Lastly, we exult because there’s a place set for us at the eternal banquet with the leper, the centurion and with all of God people. The greatest novelists of history combined could not conceive of the bright future God has in store for those who love Him, but this much-awaited day isn’t merely a future reality but a present one and may God help us to understand this more and more, that Jesus is here with us, not only in our thoughts, but as real and sure as He was with the leper and the centurion 2000 years ago in Galilee. He’s the One speaking when the Gospel is preached. He’s the One forgiving when the absolution is spoken. He’s the One who resides on the altar doing what He’s always done: healing our leprosy, canceling out our doubts and answering our pleas for help. This is why God’s people have been building cathedrals and worshiping with reverence for 20 centuries, because Jesus is on the altar. The devil, the world and the flesh make us doubt His presence. They lead us to question His willingness to help us and the power of His promise, but the third Sunday after Epiphany makes us bold to believe it all! It installs the kind of faith in us that the leper and the centurion had, and enables us to believe with such unwavering focus that even Jesus Himself stands amazed and gives us all we desire of Him. Amen.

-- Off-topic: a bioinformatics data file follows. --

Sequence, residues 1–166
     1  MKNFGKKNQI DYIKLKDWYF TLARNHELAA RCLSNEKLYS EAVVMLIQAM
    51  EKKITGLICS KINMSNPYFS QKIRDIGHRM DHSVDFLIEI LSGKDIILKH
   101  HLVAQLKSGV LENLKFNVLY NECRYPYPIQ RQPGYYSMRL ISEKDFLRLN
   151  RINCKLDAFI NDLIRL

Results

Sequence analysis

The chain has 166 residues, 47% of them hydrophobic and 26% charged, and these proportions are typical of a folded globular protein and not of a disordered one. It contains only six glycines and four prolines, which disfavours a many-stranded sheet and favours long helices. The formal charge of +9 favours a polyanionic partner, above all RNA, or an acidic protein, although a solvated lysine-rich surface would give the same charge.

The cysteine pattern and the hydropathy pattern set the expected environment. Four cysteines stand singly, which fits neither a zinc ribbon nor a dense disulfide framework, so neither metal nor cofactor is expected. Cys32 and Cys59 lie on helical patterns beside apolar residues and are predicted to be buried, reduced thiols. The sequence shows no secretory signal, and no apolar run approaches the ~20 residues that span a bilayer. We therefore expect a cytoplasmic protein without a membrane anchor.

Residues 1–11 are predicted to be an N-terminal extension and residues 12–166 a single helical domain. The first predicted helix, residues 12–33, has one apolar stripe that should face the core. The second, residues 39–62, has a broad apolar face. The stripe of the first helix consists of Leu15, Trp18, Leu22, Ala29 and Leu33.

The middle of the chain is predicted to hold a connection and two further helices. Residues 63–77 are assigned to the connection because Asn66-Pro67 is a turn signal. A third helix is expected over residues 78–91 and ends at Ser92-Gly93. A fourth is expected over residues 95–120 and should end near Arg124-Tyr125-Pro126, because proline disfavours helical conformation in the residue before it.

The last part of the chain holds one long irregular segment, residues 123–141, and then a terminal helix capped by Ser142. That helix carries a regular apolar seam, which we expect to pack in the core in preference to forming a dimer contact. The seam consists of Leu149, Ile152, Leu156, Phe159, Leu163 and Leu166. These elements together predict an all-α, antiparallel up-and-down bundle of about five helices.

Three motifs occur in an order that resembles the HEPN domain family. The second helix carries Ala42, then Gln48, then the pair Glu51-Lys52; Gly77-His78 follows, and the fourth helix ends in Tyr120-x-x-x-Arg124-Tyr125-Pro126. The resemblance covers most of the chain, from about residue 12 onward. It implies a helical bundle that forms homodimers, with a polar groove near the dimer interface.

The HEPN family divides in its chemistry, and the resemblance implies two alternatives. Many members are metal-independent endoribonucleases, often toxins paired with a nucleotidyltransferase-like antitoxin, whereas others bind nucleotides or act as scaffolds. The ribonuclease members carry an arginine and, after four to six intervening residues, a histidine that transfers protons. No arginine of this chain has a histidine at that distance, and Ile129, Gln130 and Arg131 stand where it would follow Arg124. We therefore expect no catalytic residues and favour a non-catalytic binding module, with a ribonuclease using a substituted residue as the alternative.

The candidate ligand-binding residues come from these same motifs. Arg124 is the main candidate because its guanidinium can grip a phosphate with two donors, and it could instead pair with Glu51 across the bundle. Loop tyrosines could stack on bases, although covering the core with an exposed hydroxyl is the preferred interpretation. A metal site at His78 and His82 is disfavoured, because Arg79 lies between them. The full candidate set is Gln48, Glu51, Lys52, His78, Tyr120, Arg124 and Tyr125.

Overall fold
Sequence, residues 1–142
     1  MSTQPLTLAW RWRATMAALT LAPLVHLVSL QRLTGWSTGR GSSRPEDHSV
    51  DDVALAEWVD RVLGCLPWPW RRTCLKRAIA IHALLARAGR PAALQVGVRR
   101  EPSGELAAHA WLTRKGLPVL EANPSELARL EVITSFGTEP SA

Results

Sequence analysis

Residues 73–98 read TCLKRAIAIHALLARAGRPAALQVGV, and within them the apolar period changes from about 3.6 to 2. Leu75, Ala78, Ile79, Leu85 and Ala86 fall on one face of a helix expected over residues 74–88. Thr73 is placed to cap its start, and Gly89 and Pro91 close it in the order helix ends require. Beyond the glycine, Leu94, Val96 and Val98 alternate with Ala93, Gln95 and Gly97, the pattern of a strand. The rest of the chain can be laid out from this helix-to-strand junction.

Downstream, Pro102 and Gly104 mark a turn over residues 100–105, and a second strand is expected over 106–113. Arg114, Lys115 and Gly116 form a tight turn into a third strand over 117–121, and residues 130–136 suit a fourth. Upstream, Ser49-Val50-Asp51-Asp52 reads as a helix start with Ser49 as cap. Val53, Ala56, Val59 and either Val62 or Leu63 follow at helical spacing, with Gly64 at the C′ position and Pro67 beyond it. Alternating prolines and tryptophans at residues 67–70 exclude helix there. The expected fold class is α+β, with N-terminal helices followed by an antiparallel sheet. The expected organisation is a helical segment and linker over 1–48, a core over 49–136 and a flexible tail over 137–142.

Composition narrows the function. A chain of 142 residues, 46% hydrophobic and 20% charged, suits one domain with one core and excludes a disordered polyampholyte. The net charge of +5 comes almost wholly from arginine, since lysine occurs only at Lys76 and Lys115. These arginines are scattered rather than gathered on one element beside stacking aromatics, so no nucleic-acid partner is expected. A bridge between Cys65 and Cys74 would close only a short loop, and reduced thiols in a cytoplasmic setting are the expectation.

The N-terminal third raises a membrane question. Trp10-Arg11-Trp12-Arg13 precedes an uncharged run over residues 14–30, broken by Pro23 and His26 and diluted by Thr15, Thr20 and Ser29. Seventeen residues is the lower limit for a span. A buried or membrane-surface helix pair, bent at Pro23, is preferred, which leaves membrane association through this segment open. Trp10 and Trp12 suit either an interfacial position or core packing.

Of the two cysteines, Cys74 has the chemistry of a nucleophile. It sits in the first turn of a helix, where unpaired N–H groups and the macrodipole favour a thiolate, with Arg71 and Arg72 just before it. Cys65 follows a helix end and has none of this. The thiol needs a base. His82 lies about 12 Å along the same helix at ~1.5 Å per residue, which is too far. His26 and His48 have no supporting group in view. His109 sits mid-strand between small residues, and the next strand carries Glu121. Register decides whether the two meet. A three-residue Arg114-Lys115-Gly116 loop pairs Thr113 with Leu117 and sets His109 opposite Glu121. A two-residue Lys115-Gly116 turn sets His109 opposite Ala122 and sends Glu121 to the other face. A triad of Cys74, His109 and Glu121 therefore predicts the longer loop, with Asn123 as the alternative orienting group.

~ Rev. Dean Kavouras